Sensitizing Masses Against Sex-Selective Abortions


Location: Pan - India

Duration: 2005 - 2009

Partner: UNFPA - IMA

“As a future doctor, I swear that I will never involve myself in sex selection also I will not allow my colleagues to do it.”

– Sarika Patil, a participant in our outreach program from Government Medical College, Latur

For every 1000 sons, India has 60 missing daughters. Contrary to popular belief that the problem is only there in rural areas, the problem is far more prevalent in urban areas. The issue is especially acute in northern India where there are less than 900 women per 1000 men. We believe that a concerted approach of educating the society and changing their mindsets is needed to tackle the issue.

In the past few years, we have been trying to sensitize the masses by conducting awareness drives, approaching doctors and medical college students and to getting 75,000 youngsters to pledge against gender selection.

What change did we bring?

Over the years we have undertaken multiple campaigns to sensitize the masses regarding the issue. Our ‘Beti Sneh Sanjivini Yatras’ (the girl child is the panacea of affection drive) held across the country were extremely potent in reaching out to people and changing mindsets.

In addition, we connected to critical stakeholders like doctors and spiritual leaders. Doctors have an important role in preventing gender-selective abortions. Spiritual leaders have a massive following and their reach was leveraged to reach out to more people to spread the message.

How does the journey look so far?

  • Doctors for Daughters - A conference of over 70 leading doctors from across the nation in collaboration with UNFPA and IMA (Sep 2009)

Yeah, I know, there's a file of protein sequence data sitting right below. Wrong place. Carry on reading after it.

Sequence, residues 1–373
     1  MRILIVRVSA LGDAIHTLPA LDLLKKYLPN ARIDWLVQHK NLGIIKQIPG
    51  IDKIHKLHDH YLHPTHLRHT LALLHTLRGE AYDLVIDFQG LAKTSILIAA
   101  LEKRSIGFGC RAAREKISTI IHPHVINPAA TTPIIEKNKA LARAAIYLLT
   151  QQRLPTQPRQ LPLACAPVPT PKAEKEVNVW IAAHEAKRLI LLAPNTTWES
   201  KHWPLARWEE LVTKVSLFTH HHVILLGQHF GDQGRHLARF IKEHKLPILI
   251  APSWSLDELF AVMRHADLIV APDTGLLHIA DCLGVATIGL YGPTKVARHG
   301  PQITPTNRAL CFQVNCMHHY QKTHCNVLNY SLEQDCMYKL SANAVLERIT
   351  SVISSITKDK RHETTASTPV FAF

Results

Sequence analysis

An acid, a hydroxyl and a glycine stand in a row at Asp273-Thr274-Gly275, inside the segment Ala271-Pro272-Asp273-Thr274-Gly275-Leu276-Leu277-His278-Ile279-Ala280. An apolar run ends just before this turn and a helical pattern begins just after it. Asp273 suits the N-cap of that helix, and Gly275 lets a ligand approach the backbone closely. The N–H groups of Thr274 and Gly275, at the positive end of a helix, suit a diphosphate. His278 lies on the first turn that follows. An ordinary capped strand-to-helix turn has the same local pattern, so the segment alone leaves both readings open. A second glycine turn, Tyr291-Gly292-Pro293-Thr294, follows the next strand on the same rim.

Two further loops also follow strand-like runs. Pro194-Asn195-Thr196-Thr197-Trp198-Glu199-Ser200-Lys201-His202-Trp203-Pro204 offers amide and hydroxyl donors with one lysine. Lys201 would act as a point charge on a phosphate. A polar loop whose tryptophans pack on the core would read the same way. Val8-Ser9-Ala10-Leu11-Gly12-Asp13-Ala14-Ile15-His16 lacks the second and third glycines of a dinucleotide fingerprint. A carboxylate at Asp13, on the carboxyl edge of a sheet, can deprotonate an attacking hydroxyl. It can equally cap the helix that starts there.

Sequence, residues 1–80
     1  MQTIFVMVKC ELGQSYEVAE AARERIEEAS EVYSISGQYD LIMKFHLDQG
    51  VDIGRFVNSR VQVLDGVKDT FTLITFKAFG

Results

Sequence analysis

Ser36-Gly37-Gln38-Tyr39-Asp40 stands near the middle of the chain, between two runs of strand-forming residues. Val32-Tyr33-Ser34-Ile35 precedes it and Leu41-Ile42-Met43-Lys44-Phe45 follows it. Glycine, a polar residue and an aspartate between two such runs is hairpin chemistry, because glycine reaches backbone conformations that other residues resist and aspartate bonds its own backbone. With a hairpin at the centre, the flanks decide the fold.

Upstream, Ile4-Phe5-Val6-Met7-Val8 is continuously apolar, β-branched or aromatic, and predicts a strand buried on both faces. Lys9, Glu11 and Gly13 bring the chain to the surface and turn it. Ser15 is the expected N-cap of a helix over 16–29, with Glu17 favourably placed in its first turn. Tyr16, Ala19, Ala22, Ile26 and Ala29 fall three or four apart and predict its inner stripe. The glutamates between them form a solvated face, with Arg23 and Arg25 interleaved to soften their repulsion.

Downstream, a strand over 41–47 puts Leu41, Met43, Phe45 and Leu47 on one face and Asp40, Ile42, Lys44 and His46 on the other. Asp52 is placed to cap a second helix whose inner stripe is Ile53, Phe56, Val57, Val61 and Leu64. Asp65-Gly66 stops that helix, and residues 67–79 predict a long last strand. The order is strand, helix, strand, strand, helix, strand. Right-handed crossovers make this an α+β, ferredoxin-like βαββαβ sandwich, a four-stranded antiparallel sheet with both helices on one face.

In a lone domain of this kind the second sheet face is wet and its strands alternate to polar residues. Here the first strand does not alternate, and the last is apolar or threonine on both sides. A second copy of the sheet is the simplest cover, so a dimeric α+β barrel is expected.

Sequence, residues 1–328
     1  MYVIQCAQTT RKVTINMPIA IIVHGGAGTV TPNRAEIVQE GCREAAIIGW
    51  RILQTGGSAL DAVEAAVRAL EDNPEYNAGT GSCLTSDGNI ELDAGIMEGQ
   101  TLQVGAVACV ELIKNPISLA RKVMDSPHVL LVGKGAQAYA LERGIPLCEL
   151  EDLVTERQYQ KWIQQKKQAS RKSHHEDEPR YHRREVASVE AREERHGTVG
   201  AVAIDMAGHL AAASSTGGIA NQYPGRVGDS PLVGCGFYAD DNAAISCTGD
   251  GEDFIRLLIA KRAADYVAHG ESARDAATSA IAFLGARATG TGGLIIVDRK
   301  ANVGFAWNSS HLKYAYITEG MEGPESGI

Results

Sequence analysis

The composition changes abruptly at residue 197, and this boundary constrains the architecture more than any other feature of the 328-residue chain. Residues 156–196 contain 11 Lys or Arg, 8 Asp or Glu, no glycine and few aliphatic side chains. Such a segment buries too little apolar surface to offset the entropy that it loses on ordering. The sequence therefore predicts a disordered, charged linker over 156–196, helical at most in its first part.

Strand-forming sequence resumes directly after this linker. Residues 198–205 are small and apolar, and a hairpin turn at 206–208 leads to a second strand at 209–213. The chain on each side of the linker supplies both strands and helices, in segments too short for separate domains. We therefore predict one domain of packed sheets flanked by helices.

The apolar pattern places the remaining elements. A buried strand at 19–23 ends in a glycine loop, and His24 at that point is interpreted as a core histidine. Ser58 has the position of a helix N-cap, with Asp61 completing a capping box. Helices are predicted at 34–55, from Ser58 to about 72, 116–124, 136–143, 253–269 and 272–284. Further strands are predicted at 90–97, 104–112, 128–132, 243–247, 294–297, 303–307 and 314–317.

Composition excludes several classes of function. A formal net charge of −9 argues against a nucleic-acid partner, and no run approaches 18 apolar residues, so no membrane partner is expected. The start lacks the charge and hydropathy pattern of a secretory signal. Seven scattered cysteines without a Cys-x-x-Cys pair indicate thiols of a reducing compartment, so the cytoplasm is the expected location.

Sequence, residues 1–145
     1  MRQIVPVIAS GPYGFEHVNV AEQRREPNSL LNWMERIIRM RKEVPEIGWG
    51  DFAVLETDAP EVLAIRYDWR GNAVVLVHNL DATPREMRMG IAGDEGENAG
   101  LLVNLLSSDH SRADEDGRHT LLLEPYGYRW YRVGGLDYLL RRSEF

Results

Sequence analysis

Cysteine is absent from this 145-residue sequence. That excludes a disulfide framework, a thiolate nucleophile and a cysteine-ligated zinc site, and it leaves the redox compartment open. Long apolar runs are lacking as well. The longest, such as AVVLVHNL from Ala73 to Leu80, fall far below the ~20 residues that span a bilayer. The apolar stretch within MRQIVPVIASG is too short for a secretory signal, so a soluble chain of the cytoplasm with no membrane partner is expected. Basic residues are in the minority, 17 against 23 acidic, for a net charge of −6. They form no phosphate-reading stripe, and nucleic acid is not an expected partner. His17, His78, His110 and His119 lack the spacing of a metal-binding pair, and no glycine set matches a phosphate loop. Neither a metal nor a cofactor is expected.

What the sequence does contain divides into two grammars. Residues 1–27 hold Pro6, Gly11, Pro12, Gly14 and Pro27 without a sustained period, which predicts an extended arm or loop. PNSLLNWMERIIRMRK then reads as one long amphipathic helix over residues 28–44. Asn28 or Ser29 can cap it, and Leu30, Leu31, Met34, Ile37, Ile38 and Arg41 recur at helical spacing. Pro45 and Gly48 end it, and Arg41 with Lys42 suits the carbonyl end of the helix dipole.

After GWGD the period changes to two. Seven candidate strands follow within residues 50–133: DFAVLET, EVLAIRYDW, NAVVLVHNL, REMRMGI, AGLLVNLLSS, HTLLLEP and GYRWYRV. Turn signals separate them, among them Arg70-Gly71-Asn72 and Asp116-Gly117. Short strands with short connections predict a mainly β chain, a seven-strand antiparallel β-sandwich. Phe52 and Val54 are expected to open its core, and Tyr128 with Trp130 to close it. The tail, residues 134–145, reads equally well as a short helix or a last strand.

• At 11 medical colleges - Conducted the YES+ UNFPA program across the state of Maharashtra (Oct 2007)
  • Beti Sneh Sanjivini Yatras - Sensitized 20,000 people in the districts of Bathinda, Mansa, Patiala, Kapurthala and Fatehgarh Sahib in Punjab with the help of over 100 organizations (Dec 2006 – Jul 2007)
  • A special concert - Attended by more than 9000 in partnership with the UNFPA and IMA in Maharashtra (Apr 2007)
  • Yuvaratri - Over 75,000 youths from across the country pledged to stand up against the issue (Dec 2006)
  • A conference - India’s Missing Daughters: Faith for Action Against Sex Selection where 35 spiritual leaders from different faiths attended (Nov 2005)

How did we work?

Our team attempted to sensitize the people by conducting outreach programs, marches, and concerts across the country. In addition, we reached out to doctors and spiritual leaders who further helped us to spread this awareness.

What did we learn?

As we interacted closely with the people, we realized that there is a need to bring pride in the birth of a girl child. Programs that incentivize and celebrate the birth of a girl child can go a long way in changing the attitudes.

How can you contribute?

These large-scale outreach programs have been carried out in collaborations with partner organizations like UNFPA and IMA. We would like to continue these efforts to reach out to more people.